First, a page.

A gardener’s work is never done. While it is cooler outside you might want to tackle some of those harder labor tasks. Alternatively, keep your feet up and make plans to maintain and improve your landscape. Here are some things that may need your attention this month.
- Do you have trouble keeping track of your plants and their needs? A gardener’s journal may be just the solution you are seeking. Start one this month with notes about what plants are planted, where they are planted and then add information about what each one needs. Throughout the year, you can track plant fertilization, problems, bloom times and so much more information. These notes may help you make decisions in the future based on what works and what did not. Journals can be paper or electronic. Just make sure to use something easy for you. Learn how to keep a garden journal.
- Evaluate your gardens for potential changes this year. Look for worn grass that might be replaced with paving stones, overgrown shrubs that block windows, and similar problems to tackle throughout the year.
- If you have St. Augustine grass, you will want to make sure you keep fallen leaves off it. It may not go completely dormant and still needs sunlight. Learn more about year-round St. Augustine grass maintenance. If you have citrus trees, you should clean up any fruit that has fallen to the ground. Rotting fruit is not only unpleasant but attracts insect pests.
- Plant roses and bare-root fruit and nut trees. The longer these plants have to grow roots, the more resilient they will be during the heat of summer. Use the Earth-Kind® Plant Selector to help choose the best ones for your garden.
- If you have shrubs or small trees you want to relocate, this is the month to do so. You will work up less of a sweat while it is cooler and the plant will have more time to recover before summer.
- Prune your roses and other dormant trees and shrubs while they are not growing. Learn the Earth-Kind® techniques to properly prune your plants.
- Prune dormant ornamental grasses to about 2 – 4 inches tall so they will be more attractive when the growing season begins.
- Many vines and groundcovers can also be pruned this month. Many groundcovers can be mowed at the highest setting to trim them back.
- Start seeds indoors for late winter or spring planting. These might include your spring veggies such as broccoli, cabbage, cauliflower, lettuce and more. Learn how to start seeds indoors.
- This article about spring-blooming bulbs might inspire you.
- Gather up materials to protect immovable plants during freezes. Learn how to protect your plants.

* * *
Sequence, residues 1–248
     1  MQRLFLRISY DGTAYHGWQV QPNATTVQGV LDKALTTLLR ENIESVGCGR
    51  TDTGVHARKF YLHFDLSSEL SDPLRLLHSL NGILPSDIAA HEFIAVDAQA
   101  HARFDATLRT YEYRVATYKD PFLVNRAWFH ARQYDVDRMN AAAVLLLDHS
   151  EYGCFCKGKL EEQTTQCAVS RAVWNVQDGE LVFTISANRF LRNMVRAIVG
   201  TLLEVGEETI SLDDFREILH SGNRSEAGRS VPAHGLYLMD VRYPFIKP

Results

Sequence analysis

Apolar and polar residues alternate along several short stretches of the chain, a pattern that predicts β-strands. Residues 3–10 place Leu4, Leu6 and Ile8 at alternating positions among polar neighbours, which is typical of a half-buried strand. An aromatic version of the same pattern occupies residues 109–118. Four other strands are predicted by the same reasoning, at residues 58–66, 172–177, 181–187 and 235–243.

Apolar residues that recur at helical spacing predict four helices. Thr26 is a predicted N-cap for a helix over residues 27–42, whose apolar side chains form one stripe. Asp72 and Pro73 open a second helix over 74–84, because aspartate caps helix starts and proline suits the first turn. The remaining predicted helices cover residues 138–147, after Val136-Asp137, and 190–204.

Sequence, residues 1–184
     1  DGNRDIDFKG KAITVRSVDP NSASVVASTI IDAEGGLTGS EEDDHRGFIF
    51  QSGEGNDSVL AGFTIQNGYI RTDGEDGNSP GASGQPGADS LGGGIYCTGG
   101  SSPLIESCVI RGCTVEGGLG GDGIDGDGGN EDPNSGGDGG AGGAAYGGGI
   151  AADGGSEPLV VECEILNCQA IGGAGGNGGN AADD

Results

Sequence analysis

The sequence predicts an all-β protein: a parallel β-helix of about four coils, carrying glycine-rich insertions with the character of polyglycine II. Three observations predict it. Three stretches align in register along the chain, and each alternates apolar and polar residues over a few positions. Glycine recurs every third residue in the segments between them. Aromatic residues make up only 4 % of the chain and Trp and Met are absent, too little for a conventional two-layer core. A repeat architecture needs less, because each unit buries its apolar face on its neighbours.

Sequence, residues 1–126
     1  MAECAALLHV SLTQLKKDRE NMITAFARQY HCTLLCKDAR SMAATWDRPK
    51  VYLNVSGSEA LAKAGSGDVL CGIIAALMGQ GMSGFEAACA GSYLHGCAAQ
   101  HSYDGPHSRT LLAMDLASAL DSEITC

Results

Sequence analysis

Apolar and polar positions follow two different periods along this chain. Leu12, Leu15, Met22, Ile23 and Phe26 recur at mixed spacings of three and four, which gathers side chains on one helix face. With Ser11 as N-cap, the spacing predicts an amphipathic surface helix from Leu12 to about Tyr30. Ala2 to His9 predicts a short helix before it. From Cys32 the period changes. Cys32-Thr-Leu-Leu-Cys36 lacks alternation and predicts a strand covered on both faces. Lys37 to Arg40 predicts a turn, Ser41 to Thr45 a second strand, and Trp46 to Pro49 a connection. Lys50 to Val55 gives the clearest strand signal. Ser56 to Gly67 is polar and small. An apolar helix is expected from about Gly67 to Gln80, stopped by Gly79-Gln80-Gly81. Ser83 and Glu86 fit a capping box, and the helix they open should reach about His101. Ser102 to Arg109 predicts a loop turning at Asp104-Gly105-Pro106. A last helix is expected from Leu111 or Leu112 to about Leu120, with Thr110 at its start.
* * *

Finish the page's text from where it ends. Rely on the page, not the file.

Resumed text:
January Color in Fort Bend County
Sometimes you just need a tree. If so, the Chinkapin Oak is a Texas Superstar® sure to eventually give you all the shade you need. This medium-to-large Texas native tree is heat and drought tolerant once established and adapts to most soil types. The leaves are a lovely bronze in the fall.
- Grows in full sun
- Grows to height of 50 – 90 feet
- Grows to width of 20 – 40 feet
- Few pest or disease problems
- Can be planted anytime from containers.
For more information, visit texassuperstar.com/plants/oakchinkapin/index.html.
For more information about Texas Superstar® plants, visit http://texassuperstar.com/ .
If you are looking to add some color to the dreary January garden, here are some cool season annuals to perk up your garden.
- Ornamental Kale: Ornamental kale or ornamental cabbage is known for its lovely purple, pink, white, red-bronze, or yellow-green foliage. Growing to a size of 8 to 18 inches wide in a rosette that will eventually produce flowers. However, the foliage is really the best feature.
- Narcissus: The narcissus family includes daffodils, jonquils, paperwhites, and narcissus. Plant these charmers in full sun and then enjoy the lovely blossoms.
- Pansy: These come in a wide variety of colors that are sure to fit into your garden but plant them up front because they only grow 4 – 10 inches tall. They do best in sun or partial sun.
- Johnny-Jump-Up: These tri-color cuties typically have yellow, blue and purple on the same blossom. Like the other January color listed here, these will do best in sun or partial sun.
You are invited to visit the Fort Bend County Master Gardeners’ Demonstration Gardens at the Texas A&M AgriLife Extension office located at 1402 Band Road in Rosenberg to be inspired by what is blooming there. Take a family-friendly, self-guided tour through the gardens during daylight hours, open seven days a week. Be sure to take a copy of the garden maps and garden information located throughout the gardens. Visit https://fbmg.org/demonstration-gardens/ for more information about our Demonstration Gardens.